The Garmin Forerunner 235 is far from specifically designed for swimming, it is essentially a GPS running watch for outdoor use. However, a common new feature of most GPS watches these days is their waterproofing, in this case up to 50m. This means that it is perfectly protected to be used when swimming, or any other water based activity, meaning I gave it a try. I have also previously tried out the Garmin Vivosmart when swimming, but the results here were much more successful.
There is no specific swimming activity section like those seen in the triathlon watches and swim watches such as the Garmin Swim This meant that there would be no recording of specific ‘swim metrics’ data such as stroke rate and efficiency. Therefore, when using the 235 for swimming the best option would be the ‘other’ activity section. This can be used for any type of activity which is other than running and cycling – these are already pre programmed into the watch.
When swimming in open water, the watch can use the GPS capabilities and track your movement and distance. However, most likely, you will be swimming indoors in a lapped pool, therefore the GPS function will not work. As a result of this, the best option is to edit the data screens in the ‘Activity settings’ of the watch to display the number of laps (lengths) completed, alongside lap/ length time. This means that by knowing the length of the pool, the total elapsed distance would be easily calculated by also knowing the number of lengths you had done.
Each time a length is completed – in my case, 50m – the time for that length can be recorded by pressing the lap button. This is not the easiest manoeuvre as you have to break your stroke pattern to reach to your opposite wrist, however it doesn’t cause too many problems.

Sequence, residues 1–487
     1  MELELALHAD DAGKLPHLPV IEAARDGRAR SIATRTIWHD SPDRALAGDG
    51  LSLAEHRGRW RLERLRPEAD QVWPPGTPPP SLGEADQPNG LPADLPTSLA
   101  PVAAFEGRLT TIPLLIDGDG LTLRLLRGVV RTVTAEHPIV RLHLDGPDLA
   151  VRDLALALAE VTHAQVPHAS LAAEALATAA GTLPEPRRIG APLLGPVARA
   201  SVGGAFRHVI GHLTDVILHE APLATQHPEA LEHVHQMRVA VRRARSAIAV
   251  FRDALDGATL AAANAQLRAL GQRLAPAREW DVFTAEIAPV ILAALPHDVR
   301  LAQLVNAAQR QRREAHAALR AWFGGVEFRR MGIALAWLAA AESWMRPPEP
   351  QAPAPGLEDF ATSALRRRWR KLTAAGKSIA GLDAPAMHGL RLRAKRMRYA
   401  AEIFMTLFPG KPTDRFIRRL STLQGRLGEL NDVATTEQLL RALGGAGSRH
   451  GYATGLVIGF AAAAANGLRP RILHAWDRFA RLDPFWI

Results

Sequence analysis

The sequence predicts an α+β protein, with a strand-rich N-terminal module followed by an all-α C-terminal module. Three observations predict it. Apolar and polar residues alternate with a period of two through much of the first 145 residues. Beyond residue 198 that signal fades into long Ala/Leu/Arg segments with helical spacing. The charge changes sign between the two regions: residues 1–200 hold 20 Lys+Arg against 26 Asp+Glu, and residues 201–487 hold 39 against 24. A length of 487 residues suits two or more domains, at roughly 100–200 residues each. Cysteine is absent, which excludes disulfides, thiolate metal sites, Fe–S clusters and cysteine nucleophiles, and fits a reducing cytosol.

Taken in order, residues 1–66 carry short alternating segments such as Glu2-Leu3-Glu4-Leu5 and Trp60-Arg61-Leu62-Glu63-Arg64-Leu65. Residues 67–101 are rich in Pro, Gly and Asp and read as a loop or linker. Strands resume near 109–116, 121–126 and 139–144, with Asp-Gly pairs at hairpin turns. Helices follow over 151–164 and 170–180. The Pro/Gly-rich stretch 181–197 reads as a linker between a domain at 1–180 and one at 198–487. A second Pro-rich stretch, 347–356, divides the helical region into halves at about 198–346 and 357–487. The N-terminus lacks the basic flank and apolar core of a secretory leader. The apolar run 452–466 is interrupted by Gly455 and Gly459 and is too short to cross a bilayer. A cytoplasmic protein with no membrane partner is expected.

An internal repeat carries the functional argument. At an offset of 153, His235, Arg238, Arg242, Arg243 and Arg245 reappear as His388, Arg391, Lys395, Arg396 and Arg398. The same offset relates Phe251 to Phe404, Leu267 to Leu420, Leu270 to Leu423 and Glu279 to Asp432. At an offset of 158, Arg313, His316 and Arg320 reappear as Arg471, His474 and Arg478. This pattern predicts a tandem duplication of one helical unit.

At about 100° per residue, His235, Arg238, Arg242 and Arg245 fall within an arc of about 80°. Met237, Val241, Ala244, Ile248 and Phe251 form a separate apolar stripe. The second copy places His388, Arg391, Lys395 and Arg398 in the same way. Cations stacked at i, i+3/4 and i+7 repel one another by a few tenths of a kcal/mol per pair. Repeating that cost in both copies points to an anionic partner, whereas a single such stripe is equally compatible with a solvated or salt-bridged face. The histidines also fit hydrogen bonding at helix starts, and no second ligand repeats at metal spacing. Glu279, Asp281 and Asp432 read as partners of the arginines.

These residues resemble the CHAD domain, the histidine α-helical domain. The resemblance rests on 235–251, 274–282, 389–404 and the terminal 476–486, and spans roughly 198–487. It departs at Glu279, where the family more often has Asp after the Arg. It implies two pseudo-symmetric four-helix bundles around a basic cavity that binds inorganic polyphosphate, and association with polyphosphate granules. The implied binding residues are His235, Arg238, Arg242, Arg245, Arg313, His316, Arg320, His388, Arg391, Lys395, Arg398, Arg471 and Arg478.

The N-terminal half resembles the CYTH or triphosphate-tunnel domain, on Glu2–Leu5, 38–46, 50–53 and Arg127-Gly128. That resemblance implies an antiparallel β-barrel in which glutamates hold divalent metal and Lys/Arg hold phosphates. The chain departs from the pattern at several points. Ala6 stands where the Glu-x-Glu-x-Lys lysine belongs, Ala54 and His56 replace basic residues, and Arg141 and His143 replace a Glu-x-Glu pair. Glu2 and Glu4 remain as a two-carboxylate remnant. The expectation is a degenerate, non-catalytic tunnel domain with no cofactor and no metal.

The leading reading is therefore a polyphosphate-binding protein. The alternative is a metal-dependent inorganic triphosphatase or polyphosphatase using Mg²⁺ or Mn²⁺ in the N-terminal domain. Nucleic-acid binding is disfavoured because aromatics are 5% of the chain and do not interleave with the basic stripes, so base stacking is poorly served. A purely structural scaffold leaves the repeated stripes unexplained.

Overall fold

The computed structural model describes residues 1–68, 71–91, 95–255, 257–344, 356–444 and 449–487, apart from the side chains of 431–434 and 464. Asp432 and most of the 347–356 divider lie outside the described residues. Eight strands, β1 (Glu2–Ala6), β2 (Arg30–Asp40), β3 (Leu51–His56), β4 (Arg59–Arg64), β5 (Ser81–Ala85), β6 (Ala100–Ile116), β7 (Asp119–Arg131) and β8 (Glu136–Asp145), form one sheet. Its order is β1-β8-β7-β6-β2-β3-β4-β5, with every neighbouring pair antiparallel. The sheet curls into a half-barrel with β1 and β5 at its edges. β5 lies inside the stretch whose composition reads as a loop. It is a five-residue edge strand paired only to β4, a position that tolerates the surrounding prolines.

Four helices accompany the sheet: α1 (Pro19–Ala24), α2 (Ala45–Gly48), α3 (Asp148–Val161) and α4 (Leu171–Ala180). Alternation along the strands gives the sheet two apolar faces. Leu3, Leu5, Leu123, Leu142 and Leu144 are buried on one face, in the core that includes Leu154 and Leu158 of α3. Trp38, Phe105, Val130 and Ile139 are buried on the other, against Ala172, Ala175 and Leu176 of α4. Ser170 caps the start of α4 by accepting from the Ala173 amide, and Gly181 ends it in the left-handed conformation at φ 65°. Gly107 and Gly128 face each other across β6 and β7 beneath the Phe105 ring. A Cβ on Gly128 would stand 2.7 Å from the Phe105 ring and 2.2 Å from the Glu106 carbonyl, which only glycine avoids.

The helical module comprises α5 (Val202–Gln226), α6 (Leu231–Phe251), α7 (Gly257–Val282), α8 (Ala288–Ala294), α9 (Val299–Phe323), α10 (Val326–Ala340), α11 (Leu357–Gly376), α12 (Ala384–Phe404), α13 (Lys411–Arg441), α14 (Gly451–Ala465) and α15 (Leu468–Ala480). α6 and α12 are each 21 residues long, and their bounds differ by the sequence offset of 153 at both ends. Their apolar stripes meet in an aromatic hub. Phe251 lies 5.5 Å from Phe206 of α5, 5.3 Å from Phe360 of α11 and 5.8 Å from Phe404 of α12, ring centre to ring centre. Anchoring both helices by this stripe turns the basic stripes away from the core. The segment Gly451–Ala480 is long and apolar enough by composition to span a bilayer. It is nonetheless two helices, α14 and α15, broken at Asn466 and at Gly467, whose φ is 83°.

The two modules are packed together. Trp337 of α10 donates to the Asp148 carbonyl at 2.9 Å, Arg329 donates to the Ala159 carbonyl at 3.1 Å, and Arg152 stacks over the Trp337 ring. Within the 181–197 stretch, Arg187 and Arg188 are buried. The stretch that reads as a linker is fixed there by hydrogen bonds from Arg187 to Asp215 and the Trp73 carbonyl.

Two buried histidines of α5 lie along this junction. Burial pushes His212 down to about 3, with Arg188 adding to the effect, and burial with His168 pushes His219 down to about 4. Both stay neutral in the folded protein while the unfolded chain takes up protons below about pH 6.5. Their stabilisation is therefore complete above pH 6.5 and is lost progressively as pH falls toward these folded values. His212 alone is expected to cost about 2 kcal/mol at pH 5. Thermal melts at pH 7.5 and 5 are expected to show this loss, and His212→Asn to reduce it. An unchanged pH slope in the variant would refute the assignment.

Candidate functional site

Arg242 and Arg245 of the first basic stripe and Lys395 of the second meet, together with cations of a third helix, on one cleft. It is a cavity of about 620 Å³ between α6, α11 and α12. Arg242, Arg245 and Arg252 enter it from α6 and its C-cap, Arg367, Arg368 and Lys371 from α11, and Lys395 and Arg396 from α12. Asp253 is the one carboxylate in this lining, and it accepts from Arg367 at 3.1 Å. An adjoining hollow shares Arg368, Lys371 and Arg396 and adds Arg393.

Open Water Swimming
Since initially writing this post, there has been a lot of good response on the open water swimming side. Since then, I have had some time to do some swims of my own where I have too been getting weird results regarding the distance tracking.
Garmin have a range of triathlon watches which are designed to be used in the sea of open lakes for outdoor swimming. The latest of these is the Forerunner 735XT which uses the internal accelerometer alongside the GPS to track stroke type in the specific Open Water Swim mode on the watch. This is different from the Forerunner 235 which has no Swim option, due to popular demand in the comments here is some extra information about the capabilities of the Forerunner 235 in open water.
When using the Forerunner 235 for open water swimming – or any other waterproofed GPS enabled watch for that matter – the main issue seen is inaccurate distances recorded whilst the route taken is often zig-zagging in nature and not in the straight path which the watch would always track on land.
This difference in GPS data when swimming is not due to the type of GPS hardware system (this is the same in all running and triathlon watches), but it is in fact a software based issue.
Garmin encode special algorithms for their triathlon watches for open water swimming where there are constant changes in GPS signal strength whilst the wrist is underwater. Therefore, these algorithms are capable of analysing and correcting for this when open water swimming.
This however is not written into the running specific (Forerunner 235) watches as they are not designed to be swam with. This is a shame as it makes the 235 not the best watch for swimming; yet it is understandable from Garmin’s standpoint as it separates their running and triathlon lines with these different capabilities.
One last quick tip to possibly try out when open water swimming would be to use a swim cap. The Forerunner 235 can be placed inside at the back of the cap (near the top of your neck) so that it is continuously near the surface whilst swimming. This will help avoid the losses in signal when the wrist is underwater.